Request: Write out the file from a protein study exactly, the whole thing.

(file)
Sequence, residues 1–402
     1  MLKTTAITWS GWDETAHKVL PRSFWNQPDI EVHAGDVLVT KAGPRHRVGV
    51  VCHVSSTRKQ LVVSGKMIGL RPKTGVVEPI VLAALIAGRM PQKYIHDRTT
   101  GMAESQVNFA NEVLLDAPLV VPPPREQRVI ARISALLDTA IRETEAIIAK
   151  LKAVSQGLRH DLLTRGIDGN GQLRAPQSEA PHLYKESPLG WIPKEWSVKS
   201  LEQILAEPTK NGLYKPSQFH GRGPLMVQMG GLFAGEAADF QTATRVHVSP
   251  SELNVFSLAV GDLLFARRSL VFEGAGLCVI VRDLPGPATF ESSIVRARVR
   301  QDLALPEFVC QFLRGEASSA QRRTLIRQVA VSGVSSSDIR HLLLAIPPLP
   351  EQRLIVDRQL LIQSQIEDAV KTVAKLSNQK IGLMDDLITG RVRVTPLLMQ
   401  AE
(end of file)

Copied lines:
Sequence, residues 1–402
     1  MLKTTAITWS GWDETAHKVL PRSFWNQPDI EVHAGDVLVT KAGPRHRVGV
    51  VCHVSSTRKQ LVVSGKMIGL RPKTGVVEPI VLAALIAGRM PQKYIHDRTT
   101  GMAESQVNFA NEVLLDAPLV VPPPREQRVI ARISALLDTA IRETEAIIAK
   151  LKAVSQGLRH DLLTRGIDGN GQLRAPQSEA PHLYKESPLG WIPKEWSVKS
   201  LEQILAEPTK NGLYKPSQFH GRGPLMVQMG GLFAGEAADF QTATRVHVSP
   251  SELNVFSLAV GDLLFARRSL VFEGAGLCVI VRDLPGPATF ESSIVRARVR
   301  QDLALPEFVC QFLRGEASSA QRRTLIRQVA VSGVSSSDIR HLLLAIPPLP
   351  EQRLIVDRQL LIQSQIEDAV KTVAKLSNQK IGLMDDLITG RVRVTPLLMQ
   401  AE